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Need to Find the Big Dipper? There's an App for That

By Smriti Rao
Apr 29, 2010 10:58 PMApr 18, 2023 2:52 PM


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There used to be a time when you could easily impress a date by pointing to the night sky and dreamily rattling off names of major stars, constellations, and the like. Now, instead of cramming your head full of names or making up stuff as you go along, you can use your trusty iPhone to guide you through your stargazing. There are a bunch of apps that you can download, depending on your interest level and degree of expertise. Most of the apps are based on augmented reality--so all you have to do is point your phone towards the sky and the app does the rest. If you're a beginner, Pocket Universe ($3) and Star Walk ($3) are recommended by The New York Timesfor iPhone users; while Google Sky Map is great for Android users. With Pocket Universe, you can use the camera view to look at the evening or morning sky, and the app will overlay the labeled view over the real sky. (The iPhone's camera isn't good enough yet to pull off this feat with a dark night's sky.) The app also plots the position of the sun, moon, and planets, displays 10,000 stars, and traces the shapes of the constellations. Pocket Universe also features a “Tonight’s Sky” option, showing you a list of planets you can spot with the naked eye.Star Walk, meanwhile, boasts spectacular graphics and animation, as demonstrated in this excellent video. You can also download a version of the app ($5) for the iPad. Then all you have to do is point your iPad towards the skies, or even towards the ceiling of your room, and the app will take over--labeling the stars and the constellations you would see if you were pointing a telescope in that direction. The New York Times describes:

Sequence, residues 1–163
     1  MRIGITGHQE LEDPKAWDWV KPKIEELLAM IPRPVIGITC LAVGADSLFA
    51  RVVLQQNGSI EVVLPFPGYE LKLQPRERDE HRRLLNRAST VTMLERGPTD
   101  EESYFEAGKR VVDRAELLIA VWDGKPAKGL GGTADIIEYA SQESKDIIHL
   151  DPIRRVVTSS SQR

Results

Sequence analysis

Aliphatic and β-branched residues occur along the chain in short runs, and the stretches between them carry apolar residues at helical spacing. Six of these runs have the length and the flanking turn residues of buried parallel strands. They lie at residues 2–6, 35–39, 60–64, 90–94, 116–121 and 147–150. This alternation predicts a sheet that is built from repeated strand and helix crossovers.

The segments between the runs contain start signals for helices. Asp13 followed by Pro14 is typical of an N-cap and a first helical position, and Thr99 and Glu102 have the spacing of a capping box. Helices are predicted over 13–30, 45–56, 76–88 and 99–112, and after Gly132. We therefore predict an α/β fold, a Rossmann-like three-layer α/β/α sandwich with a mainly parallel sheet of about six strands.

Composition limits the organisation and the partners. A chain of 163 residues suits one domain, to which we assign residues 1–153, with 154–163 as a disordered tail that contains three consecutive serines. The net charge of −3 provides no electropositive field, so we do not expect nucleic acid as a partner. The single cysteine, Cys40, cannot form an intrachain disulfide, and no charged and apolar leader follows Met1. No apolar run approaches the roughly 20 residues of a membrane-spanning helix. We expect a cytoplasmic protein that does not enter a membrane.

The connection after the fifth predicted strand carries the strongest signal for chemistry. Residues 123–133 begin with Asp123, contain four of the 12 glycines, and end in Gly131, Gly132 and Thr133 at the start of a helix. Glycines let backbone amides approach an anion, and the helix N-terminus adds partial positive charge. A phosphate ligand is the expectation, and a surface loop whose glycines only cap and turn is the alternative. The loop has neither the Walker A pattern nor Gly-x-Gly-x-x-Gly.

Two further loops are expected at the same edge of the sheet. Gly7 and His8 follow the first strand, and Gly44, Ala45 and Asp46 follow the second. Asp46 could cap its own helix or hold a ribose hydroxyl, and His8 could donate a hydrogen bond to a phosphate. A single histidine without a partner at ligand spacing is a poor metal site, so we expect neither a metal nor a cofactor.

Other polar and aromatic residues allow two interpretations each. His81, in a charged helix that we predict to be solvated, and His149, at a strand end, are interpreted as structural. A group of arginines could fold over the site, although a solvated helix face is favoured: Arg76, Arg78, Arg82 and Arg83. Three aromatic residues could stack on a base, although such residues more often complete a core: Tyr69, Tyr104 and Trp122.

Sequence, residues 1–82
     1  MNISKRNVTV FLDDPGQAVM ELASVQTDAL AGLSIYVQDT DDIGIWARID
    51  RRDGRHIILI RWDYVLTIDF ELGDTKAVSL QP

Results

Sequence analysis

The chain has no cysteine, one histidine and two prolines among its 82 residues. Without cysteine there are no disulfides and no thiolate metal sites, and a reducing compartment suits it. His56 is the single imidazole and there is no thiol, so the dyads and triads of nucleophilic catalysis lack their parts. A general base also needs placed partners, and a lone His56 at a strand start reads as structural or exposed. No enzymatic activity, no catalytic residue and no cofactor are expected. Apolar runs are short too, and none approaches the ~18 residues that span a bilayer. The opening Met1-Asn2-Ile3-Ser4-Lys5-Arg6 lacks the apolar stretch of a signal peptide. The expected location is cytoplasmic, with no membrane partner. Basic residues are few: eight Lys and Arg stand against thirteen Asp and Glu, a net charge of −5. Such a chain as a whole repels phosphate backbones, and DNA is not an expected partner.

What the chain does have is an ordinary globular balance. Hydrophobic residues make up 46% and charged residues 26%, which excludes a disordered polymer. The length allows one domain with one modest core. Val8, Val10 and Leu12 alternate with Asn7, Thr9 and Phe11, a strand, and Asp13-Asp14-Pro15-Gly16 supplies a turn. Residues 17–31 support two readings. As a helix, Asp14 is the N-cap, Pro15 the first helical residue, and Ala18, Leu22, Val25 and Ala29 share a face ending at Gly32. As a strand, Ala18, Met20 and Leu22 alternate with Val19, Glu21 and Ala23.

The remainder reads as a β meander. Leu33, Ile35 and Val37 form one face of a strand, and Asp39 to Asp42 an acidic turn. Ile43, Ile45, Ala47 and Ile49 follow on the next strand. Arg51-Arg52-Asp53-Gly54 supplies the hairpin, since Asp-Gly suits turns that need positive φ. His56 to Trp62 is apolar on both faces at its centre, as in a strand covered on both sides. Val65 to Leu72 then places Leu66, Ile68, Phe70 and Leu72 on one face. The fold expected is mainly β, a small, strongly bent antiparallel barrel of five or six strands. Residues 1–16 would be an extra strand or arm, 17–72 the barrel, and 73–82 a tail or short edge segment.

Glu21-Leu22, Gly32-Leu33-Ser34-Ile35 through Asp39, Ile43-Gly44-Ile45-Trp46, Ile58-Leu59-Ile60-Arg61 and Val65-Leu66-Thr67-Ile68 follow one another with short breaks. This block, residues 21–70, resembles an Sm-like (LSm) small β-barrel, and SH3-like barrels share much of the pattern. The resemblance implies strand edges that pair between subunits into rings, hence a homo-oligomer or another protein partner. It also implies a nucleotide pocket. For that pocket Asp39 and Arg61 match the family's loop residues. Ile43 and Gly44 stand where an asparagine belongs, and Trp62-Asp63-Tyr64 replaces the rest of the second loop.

Touch “Pollux,” Gemini’s brightest star, and then tap on the information icon. A dropdown box displays a brief description of the star — which, it turns out, is a mere 34 light years from Earth.

StarMap is yet another app that may help you get into stargazing. StarMap 3-D ($2 for iPhone), among other things, puts you at the controls of a simulated deep-space flight. If you're more serious about your stars, you can try the advanced version of the app, Star Map Pro. Apart from offering detailed information about celestial objects, the app also shows telescope aficiondos how stars would look through different telescope lenses. For a closer look at the both the apps in action, check out the videos. Related Content: Discoblog: Your Augmented Reality Life: Coming Soon in 2020 Discoblog: For the Driver Who Has Everything: An Augmented Reality Windshield From GM Discoblog: Augmented Reality Phone App Can Identify Strangers on the Street Discoblog: Augmented Reality Tattoos Are Visible Only to a Special Camera Discoblog: Weird iPhone Apps (our growing compendium of the oddest apps out there) Image: Pocket Universe

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